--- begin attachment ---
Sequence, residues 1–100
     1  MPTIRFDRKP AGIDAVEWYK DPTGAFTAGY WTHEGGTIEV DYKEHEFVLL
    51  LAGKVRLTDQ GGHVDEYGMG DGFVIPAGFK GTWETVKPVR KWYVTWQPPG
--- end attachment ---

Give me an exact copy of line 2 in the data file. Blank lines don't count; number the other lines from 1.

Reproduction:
     1  MPTIRFDRKP AGIDAVEWYK DPTGAFTAGY WTHEGGTIEV DYKEHEFVLL